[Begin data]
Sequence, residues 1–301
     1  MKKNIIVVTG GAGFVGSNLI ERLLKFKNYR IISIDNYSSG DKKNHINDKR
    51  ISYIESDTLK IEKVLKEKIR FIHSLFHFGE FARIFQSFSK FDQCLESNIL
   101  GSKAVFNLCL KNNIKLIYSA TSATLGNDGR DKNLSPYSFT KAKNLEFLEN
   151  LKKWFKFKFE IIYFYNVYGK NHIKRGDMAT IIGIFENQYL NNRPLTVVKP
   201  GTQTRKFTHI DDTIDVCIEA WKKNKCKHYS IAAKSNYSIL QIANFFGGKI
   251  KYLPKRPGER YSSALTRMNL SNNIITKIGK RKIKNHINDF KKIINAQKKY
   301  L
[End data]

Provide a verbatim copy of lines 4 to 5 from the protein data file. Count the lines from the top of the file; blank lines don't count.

   101  GSKAVFNLCL KNNIKLIYSA TSATLGNDGR DKNLSPYSFT KAKNLEFLEN
   151  LKKWFKFKFE IIYFYNVYGK NHIKRGDMAT IIGIFENQYL NNRPLTVVKP